Police Federation

Future thinking of mutual aid

PFEW underscores the significance of pre-deployment preparations for mutual aid and emphasises the importance of ensuring officers' wellbeing during such operations.

10 October 2023

PFEW Operational Policing Lead Steve Taylor and  Richie Murray, PFEW deputy health and safety lead
PFEW Operational Policing Lead Steve Taylor and Richie Murray, PFEW deputy health and safety lead

The session commenced with Steve Taylor, PFEW operational policing lead, emphasising the diverse nature of mutual aid deployments.

He articulated: "Mutual aid takes various forms, whether it involves deploying a small number of officers to offer support internationally or sending tens, or even hundreds, of officers to provide disaster relief in the Caribbean. Mutual aid serves as the vehicle through which our police service extends its assistance."

Steve underscored the importance of recognising mutual aid encompasses a wide range of skills beyond public order maintenance. He noted: "It covers a broad spectrum of abilities and expertise."

Reflecting on past deployments, Steve acknowledged the Federation's historical involvement in planning but pointed out challenges.

"In some recent deployments, we faced significant challenges, resulting in suboptimal planning and inconsistencies," he explained. "We had officers from 43 different forces reporting to 43 different locations, which created built-in inconsistencies."

Recognising room for improvement, Steve stated: "We realised there's an opportunity for the Federation to play a more prominent role in advocating for our members during mutual aid deployments. Key areas of concern that emerged from deployments were related to food, accommodation, and allowances, which were consistently problematic. We decided to strive for greater consistency in addressing these issues."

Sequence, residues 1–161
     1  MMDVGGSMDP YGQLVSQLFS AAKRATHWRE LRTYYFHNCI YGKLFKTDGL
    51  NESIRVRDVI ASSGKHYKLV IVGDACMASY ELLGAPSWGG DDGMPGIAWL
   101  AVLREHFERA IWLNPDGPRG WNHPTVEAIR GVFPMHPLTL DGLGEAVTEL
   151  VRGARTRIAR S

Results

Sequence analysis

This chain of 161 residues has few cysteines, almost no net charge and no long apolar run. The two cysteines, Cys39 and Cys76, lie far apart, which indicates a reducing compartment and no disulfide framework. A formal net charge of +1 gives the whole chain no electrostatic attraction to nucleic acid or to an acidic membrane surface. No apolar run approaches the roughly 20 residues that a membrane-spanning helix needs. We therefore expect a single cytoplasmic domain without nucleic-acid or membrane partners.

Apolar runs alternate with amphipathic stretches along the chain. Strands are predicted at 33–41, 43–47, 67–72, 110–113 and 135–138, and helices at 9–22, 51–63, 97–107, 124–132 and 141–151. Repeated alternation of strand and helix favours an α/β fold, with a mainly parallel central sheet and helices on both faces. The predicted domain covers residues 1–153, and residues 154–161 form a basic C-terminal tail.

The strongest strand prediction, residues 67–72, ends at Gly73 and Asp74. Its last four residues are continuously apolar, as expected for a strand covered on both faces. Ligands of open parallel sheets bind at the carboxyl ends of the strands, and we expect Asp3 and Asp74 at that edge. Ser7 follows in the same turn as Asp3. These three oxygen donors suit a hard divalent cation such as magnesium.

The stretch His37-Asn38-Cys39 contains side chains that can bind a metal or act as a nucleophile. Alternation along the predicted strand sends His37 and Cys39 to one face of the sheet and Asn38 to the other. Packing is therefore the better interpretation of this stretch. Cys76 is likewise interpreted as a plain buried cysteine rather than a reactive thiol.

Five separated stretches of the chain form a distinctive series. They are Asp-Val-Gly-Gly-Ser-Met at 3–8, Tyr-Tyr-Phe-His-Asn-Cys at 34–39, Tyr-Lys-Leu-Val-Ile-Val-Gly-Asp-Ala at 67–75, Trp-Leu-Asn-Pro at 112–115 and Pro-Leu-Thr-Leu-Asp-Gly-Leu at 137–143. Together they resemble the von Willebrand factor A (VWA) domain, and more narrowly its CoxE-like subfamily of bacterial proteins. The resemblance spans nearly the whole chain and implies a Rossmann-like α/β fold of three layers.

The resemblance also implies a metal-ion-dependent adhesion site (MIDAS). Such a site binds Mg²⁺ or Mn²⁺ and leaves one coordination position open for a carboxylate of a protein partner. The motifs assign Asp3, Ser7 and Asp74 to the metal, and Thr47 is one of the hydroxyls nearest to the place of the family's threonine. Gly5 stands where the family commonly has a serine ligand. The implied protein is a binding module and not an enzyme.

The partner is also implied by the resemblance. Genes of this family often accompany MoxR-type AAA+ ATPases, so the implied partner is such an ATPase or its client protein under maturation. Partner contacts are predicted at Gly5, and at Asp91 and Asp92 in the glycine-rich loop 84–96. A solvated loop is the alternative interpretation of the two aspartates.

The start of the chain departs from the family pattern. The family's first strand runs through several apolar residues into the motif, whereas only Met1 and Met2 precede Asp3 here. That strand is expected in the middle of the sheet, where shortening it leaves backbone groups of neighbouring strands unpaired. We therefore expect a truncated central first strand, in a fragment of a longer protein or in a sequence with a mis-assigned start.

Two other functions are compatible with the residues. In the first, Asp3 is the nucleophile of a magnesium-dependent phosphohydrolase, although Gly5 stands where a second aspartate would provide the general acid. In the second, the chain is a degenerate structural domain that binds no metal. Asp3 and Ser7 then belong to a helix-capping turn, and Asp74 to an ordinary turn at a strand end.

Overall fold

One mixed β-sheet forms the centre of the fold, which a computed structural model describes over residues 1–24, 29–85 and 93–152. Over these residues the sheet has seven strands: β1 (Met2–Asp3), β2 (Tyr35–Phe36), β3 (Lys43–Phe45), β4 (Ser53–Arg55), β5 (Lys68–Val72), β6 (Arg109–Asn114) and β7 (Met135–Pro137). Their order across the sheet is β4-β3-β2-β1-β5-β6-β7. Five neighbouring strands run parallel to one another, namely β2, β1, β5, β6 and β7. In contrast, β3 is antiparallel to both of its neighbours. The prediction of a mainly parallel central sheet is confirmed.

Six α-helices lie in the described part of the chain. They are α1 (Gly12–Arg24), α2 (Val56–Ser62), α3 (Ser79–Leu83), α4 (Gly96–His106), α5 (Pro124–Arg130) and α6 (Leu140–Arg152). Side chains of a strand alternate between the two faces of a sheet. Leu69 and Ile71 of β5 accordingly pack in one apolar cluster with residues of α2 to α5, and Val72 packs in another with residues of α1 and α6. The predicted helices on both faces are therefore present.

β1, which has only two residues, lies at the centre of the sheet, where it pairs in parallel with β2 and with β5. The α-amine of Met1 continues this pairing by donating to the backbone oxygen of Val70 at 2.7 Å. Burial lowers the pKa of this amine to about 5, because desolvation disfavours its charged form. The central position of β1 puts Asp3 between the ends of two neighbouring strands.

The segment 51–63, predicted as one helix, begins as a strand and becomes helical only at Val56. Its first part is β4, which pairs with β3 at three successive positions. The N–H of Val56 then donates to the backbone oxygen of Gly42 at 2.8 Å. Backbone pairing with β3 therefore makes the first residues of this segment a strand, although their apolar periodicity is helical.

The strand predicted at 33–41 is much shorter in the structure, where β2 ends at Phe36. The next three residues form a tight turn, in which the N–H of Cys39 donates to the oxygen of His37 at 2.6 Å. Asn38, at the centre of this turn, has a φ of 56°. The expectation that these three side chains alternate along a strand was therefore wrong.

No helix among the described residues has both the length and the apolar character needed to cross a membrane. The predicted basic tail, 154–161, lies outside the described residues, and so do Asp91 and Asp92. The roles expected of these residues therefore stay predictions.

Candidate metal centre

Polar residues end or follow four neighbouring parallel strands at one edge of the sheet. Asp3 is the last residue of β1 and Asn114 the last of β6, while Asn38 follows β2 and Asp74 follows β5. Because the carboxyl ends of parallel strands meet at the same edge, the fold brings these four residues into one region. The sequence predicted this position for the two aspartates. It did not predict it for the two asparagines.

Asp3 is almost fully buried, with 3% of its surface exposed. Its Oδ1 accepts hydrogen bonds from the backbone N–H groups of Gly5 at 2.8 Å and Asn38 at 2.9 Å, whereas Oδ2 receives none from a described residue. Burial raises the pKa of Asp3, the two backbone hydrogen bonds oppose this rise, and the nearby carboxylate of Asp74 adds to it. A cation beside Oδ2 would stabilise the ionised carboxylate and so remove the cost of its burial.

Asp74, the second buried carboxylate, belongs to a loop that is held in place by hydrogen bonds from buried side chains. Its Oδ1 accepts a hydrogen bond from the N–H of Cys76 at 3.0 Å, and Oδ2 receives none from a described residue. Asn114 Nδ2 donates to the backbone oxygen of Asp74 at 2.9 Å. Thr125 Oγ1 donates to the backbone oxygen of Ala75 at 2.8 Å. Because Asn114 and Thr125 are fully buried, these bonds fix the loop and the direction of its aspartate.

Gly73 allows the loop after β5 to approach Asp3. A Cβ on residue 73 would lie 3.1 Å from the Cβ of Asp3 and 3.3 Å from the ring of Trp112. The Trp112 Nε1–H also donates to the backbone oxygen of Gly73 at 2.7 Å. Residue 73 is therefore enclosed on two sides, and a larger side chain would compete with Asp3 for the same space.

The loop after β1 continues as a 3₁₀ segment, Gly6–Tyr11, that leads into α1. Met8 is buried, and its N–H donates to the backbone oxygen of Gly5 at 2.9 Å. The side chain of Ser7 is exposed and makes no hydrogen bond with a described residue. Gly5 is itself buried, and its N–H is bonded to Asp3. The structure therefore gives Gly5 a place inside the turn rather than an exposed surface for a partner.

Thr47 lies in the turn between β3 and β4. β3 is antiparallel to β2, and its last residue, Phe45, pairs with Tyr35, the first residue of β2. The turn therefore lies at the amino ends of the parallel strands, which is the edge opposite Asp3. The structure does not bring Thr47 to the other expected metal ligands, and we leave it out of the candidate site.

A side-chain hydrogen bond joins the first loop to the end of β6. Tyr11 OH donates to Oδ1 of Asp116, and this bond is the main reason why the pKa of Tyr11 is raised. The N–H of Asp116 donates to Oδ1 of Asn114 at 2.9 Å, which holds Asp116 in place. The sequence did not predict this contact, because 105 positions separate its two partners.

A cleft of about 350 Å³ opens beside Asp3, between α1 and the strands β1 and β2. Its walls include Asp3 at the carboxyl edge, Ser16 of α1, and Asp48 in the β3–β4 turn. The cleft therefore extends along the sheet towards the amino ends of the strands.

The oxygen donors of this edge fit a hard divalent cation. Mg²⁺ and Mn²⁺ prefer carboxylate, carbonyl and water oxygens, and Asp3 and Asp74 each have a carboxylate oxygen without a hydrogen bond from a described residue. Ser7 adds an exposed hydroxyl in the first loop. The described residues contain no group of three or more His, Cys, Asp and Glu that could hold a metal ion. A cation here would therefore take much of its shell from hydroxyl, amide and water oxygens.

Learning from past experiences is integral to the Federation's approach to supporting mutual aid deployments. Steve acknowledged: "There's always room for learning when it comes to deploying Federation representatives to support mutual aid efforts."

Richie Murray, PFEW deputy health and safety lead, elaborated on the introduction of welfare vans five years ago to address critical logistical challenges during deployments.

He emphasised the importance of these vans, stating: "Welfare vans were introduced to provide essential facilities that were lacking during deployments, such as a warm place for breaks and restroom facilities. While some believe the cost of these vans should be borne by the forces, not all forces have the necessary funds. The Federation has collaborated with local forces and other parties to address this issue."

Richie acknowledged differing opinions on the Federation's role in providing welfare vans but highlighted the positive impact when they are available. He noted: "When we do provide them, it significantly contributes to prioritising the wellbeing and welfare of our officers during deployments."

Steve highlighted the Framework of Principles, which aims to establish consistency in mutual aid deployments.

He explained: “This framework, recognised by partners like the National Police Coordination Centre (NPoCC), streamlines the process by setting basic standards for mutual aid policing, including duty rosters, allowance guidance, and accommodation standards."

Steve emphasised the importance of proactive preparation before deployments, citing the inclusion of a "wellbeing impact assessment" in the framework.

He stated: "This assessment is beneficial for our membership, and we want to further explore and clarify what it entails."

Steve outlined the Federation's ongoing efforts to prioritise officer wellbeing during deployments.

He explained: "We aim for wellbeing to be identified early in the deployment process, with an appropriate commander assigned to oversee officers at the strategic level. We're also developing a tactical directory that covers various aspects affecting officers during deployments, from laundry provision to spare time and transportation to social events."

Richie stressed the importance of training mutual aid liaison officers (MALOs) on the ground during deployments.

He stated: "This training is essential to equip officers with the knowledge and skills needed for their roles.”

He also highlighted plans to provide training for Federation representatives and personnel from forces to enhance support for officers during deployments, emphasising a skill-based approach.

He concluded: "This training will be part of the MALO training, focusing on helping officers effectively on the ground during deployments."

Watch the session back below

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